The Social Security Disability Insurance program is meant to provide regular monthly benefits to people who are aged 65 and above. In order to be eligible for disability benefits, you must no longer be working, and must no longer be capable of earning an income because of a severe disability. The medical condition should have lasted for a minimum of 12 months, or should be expected to last for at least 12 months.

Unfortunately, the numbers of people who actually meet the criteria for Social Security disability benefits often find that their claims are delayed, and even denied in some cases. In such cases, it's important to speak with an attorney about your rights.

Presenting a strong case for disability benefits before an administrative law judge requires more than just knowing the procedures. It requires meticulous preparation, collection of all relevant documents, and careful planning so that you can present a solid case.

Administrative Law Judge.2.JPG

Backlog Leads to Inadequate Social Security Claim Review

October 4, 2012

backlog-1075.JPG

The Social Security Administration is so overrun by pending claims that officials are unable to conduct adequate reviews of applications, compounding problems at the already beleaguered agency.

A report released recently by congressional investigators revealed to Georgia social security claims lawyers that officials at Social Security are frequently overworked, and often, award disability benefits without conducting a proper review of these claims. The investigators analyzed a total of 300 Social Security applications from Alabama, Oklahoma and Virginia. In all of these cases, persons were awarded disability benefits. However, in more than 25% of these cases, the benefits were awarded without taking the consideration the presence of insufficient or incomplete evidence.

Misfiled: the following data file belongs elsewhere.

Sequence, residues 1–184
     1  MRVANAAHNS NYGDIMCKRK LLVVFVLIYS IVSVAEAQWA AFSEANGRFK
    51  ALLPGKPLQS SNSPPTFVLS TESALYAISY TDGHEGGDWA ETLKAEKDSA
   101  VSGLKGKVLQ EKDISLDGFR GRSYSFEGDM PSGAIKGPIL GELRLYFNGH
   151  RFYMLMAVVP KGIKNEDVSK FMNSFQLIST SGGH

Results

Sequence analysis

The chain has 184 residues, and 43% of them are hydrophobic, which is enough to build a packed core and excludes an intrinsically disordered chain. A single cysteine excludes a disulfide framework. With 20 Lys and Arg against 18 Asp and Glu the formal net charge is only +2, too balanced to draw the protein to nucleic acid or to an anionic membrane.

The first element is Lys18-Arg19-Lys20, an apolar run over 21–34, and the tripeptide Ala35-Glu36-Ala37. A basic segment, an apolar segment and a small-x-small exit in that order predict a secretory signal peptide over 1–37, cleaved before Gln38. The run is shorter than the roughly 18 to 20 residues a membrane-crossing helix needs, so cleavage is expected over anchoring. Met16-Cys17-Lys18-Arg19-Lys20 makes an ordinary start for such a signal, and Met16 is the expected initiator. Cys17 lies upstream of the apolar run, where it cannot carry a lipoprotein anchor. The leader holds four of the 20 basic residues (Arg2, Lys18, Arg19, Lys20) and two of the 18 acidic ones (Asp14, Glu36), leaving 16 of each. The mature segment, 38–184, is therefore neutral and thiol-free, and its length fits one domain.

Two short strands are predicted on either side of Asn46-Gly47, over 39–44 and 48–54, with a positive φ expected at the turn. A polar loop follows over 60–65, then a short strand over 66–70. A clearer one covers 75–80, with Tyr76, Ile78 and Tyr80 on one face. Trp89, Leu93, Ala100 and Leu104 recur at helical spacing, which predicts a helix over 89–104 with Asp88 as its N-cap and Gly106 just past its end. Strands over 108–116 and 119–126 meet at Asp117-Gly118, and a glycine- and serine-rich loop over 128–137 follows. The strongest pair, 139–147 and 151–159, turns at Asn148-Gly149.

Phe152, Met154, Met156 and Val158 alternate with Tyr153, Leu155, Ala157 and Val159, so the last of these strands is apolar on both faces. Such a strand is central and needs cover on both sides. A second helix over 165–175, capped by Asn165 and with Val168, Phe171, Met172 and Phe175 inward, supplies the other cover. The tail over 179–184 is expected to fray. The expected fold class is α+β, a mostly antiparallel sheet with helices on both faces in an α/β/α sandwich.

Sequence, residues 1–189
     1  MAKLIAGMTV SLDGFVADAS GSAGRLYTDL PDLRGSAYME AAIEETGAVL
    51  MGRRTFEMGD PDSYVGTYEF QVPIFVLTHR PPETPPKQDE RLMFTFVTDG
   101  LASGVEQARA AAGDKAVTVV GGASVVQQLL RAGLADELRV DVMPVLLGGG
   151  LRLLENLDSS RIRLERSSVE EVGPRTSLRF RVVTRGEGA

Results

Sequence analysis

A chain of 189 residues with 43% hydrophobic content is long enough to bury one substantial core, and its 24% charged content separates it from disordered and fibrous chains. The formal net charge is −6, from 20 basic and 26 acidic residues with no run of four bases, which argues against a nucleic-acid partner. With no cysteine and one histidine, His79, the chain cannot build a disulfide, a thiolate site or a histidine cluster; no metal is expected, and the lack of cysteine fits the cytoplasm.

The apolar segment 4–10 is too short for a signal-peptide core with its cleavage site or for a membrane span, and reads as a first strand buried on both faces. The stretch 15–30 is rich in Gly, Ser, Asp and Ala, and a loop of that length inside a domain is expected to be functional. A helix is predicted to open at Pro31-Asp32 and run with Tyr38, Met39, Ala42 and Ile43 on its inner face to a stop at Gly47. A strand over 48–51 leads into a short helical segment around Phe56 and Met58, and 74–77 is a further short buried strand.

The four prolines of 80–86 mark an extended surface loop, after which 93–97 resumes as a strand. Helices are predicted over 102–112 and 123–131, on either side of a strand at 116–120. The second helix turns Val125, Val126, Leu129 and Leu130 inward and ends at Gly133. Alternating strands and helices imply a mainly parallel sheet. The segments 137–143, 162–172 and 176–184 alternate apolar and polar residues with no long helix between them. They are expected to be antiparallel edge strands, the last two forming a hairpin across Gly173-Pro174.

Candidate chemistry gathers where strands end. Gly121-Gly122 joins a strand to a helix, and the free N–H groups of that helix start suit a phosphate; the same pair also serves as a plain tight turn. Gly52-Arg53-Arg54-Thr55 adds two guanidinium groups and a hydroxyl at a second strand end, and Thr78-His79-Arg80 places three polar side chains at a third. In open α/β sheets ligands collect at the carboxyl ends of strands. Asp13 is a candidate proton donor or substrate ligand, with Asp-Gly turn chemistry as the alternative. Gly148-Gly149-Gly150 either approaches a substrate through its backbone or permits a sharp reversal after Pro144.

The investigators found that in several of the cases that were analyzed, Social Security officials approved of the claim without the benefit of strong medical evidence to corroborate the finding. In other cases, investigators were not able to explain their medical basis for the decision adequately. In yet other cases, the judges were overworked trying to deal with the case backlog, and were simply not able to review all the pieces of evidence.

This is not the first time that the Social Security Administration has faced criticism over its inability to deal with the backlog of disability claims. The agency currently faces a huge backlog of pending claims, although it says that it is working on reducing the backlog, by making improvements to the current system.

The economic downturn which began in 2008 further compounded Social Security's backlog problems. There were a huge number of claims that were filed by workers who lost their jobs, as well as aging baby boomers. This influx of benefits claims simply added to the backlog, causing immense strain on the agency's already limited resources, leaving the Social Security Administration teetering on the brink of insolvency.

Lisa Siegel is a Social Security disability lawyer, helping persons with disabilities in the metro Atlanta region recover their rightful disability benefits. If you are eligible for Social Security, and have had a claim denied, speak with us to learn your rights.